Kuwait's ruler warned Tuesday that declines in the oil price were damaging the economy of the energy-rich Gulf state, urging lawmakers to "stop squandering resources" and to diversify revenues.
"We are witnessing a new cycle of low oil prices as a result of economic and political factors that have hit the global economy and started to negatively impact our national economy," Sheikh Sabah al-Ahmad Al-Sabah said in a speech to open the new parliamentary term.
The emir called on the government and parliament to "safeguard our oil and fiscal wealth".
"You have the responsibility to stop squandering resources, rationalise spending and direct subsidies to reach those who need it... without impacting the standard of living," he said.
He also called for stepping up plans to reduce Kuwait's dependence on oil revenues by diversifying the economy.
"I have repeatedly called ... for establishing productive economic activities to create jobs for youth, diversify the resources of income of the country and reduce national economic dependence on oil," he said.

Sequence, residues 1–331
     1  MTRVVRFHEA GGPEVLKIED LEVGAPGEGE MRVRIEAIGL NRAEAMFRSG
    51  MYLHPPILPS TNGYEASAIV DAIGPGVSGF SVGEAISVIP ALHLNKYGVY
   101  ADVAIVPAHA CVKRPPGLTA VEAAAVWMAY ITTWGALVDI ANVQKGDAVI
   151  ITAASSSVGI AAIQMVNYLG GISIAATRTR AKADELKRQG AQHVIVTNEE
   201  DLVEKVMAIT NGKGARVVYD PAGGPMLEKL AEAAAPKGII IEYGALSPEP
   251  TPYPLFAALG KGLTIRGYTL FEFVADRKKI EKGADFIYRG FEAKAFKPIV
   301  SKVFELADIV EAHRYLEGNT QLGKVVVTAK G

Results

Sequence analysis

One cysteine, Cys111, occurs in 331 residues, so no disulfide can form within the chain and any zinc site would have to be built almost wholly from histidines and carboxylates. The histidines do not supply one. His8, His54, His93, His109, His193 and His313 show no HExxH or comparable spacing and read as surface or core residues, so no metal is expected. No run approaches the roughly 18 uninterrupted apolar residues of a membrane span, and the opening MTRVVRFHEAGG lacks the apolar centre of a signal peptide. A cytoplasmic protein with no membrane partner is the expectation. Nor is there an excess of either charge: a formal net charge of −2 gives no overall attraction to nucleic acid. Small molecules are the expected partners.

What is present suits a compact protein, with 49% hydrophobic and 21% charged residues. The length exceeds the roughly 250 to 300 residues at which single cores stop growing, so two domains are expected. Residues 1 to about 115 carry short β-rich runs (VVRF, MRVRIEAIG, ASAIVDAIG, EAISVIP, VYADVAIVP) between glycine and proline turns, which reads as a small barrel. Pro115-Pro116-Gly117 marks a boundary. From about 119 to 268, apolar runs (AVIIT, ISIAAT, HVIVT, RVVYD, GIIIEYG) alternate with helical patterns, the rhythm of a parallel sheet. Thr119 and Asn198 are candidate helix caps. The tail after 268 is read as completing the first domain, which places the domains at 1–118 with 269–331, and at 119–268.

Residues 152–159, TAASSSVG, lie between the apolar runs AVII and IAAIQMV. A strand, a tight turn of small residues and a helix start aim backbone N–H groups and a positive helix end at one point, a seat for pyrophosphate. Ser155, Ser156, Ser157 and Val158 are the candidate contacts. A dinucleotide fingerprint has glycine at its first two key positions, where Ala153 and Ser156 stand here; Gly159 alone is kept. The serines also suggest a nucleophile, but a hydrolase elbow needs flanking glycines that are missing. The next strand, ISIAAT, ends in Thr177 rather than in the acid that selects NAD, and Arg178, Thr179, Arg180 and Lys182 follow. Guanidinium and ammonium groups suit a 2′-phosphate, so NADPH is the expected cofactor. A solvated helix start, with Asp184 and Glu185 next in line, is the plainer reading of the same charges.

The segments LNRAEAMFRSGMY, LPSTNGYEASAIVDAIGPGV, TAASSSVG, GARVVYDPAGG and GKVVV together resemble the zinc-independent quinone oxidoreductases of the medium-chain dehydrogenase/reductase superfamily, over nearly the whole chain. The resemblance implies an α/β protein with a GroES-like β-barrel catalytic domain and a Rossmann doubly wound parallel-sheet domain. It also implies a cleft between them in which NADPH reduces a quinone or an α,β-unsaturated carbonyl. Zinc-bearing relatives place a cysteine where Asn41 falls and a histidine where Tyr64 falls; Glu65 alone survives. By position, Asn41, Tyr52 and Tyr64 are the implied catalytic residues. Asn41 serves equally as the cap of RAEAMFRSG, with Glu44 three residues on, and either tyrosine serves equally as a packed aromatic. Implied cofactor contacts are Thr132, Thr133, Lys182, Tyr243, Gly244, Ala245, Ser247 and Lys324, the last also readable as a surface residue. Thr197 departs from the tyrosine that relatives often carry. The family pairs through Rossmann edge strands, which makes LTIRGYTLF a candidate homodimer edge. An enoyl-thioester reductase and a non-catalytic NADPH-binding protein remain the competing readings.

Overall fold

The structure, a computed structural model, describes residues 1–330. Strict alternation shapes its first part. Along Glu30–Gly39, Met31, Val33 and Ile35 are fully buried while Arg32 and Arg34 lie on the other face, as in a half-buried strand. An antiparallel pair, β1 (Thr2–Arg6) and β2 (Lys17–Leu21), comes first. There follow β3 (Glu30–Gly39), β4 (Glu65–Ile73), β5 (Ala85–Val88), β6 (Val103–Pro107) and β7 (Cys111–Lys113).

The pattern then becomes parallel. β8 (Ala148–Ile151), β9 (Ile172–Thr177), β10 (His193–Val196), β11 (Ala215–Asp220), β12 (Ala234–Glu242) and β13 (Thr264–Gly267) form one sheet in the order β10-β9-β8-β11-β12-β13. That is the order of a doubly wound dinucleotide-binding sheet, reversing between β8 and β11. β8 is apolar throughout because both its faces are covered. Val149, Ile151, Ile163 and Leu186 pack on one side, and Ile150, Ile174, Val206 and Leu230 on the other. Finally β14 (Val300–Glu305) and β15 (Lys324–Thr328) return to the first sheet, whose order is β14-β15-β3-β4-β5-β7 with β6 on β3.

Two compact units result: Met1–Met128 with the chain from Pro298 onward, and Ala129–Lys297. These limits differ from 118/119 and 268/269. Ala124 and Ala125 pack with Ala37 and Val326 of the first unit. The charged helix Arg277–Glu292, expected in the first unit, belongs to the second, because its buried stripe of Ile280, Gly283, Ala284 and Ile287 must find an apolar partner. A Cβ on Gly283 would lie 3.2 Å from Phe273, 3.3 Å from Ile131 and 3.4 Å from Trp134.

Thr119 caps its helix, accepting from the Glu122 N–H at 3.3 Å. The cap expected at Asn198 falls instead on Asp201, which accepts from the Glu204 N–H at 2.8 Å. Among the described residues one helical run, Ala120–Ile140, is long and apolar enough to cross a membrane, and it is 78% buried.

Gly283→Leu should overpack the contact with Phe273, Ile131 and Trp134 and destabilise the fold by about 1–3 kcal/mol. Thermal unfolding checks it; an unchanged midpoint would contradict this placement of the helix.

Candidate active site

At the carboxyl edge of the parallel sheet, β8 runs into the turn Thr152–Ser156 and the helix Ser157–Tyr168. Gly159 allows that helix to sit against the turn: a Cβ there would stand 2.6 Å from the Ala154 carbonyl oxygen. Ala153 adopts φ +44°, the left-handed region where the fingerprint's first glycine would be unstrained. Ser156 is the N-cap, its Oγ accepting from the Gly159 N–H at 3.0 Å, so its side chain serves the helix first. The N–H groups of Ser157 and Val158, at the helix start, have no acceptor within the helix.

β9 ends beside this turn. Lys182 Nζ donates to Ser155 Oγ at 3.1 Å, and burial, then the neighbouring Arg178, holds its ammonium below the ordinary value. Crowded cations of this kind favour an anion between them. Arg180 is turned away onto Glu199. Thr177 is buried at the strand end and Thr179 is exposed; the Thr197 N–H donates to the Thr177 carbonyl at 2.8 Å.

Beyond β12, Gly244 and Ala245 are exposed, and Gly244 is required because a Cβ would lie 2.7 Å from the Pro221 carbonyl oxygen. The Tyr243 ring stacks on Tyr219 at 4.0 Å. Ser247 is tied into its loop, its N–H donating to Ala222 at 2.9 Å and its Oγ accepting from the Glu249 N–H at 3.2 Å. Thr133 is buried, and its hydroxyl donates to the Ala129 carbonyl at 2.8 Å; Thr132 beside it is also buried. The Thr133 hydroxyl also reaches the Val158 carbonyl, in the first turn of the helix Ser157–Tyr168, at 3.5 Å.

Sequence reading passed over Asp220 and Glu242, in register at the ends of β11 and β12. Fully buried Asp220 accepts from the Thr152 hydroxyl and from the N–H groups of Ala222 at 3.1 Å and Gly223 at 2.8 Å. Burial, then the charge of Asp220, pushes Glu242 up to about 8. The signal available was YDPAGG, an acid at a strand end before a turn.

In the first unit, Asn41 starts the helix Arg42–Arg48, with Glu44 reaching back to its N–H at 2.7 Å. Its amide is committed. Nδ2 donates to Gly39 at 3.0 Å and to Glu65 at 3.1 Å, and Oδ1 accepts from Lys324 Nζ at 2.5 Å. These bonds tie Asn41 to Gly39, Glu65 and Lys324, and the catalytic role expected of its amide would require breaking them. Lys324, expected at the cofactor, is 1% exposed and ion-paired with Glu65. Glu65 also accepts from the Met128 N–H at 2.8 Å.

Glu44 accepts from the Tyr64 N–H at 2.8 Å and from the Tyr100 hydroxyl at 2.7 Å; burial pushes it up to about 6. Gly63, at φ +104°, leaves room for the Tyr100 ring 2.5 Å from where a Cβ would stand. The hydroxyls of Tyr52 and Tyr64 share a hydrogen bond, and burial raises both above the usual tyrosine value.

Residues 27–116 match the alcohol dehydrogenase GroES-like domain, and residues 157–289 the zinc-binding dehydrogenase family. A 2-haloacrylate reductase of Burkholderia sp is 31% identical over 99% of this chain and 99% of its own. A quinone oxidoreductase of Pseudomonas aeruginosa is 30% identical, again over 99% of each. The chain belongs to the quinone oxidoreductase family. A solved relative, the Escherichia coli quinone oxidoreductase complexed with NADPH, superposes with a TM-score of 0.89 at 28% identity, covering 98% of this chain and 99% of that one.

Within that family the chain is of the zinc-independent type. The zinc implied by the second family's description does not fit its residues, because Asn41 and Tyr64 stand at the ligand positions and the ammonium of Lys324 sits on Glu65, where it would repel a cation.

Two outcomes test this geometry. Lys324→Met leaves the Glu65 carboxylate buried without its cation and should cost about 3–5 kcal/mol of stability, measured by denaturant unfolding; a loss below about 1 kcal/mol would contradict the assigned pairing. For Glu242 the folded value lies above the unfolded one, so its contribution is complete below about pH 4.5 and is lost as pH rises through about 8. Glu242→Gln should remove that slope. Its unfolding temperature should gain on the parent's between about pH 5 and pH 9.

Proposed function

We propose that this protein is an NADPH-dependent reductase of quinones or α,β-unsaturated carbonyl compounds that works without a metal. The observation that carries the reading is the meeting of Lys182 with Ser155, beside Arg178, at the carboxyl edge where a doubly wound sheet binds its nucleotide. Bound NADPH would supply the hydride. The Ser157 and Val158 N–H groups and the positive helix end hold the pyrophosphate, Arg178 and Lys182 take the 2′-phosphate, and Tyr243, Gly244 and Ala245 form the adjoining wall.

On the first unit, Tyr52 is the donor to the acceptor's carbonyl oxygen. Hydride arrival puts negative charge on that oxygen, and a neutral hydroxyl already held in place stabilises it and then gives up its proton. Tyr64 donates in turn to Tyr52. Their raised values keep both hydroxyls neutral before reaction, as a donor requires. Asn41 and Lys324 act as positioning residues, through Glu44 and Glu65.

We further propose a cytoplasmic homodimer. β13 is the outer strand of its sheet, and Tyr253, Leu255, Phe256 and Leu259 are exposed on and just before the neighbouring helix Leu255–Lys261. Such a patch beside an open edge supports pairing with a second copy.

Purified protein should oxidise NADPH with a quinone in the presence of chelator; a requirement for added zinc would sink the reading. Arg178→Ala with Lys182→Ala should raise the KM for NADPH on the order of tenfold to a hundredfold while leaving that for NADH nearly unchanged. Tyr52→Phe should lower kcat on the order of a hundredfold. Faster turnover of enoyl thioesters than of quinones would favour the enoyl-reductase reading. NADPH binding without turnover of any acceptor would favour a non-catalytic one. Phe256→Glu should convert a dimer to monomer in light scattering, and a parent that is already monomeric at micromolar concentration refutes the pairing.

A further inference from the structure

Oil prices have lost more than a quarter of their value since June, hitting the state coffers of energy-dependent countries like Kuwait.
Oil income accounts for about 94 percent of Kuwaiti revenues. But the oil-rich emirate has piled up massive fiscal reserves of more than $500 billion during the past 15 years due to high oil prices.
Earlier this month, Kuwait began reducing public subsidies, estimated at $18 billion, on diesel, kerosene and aviation fuel. It is considering similar measures for electricity, water and petrol.
Public spending has risen more than three-fold in Kuwait over the past seven years, with the overwhelming majority of the increase going to wages and subsidies.
The tiny emirate has a native population of 1.25 million and is also home to about 2.8 million foreigners.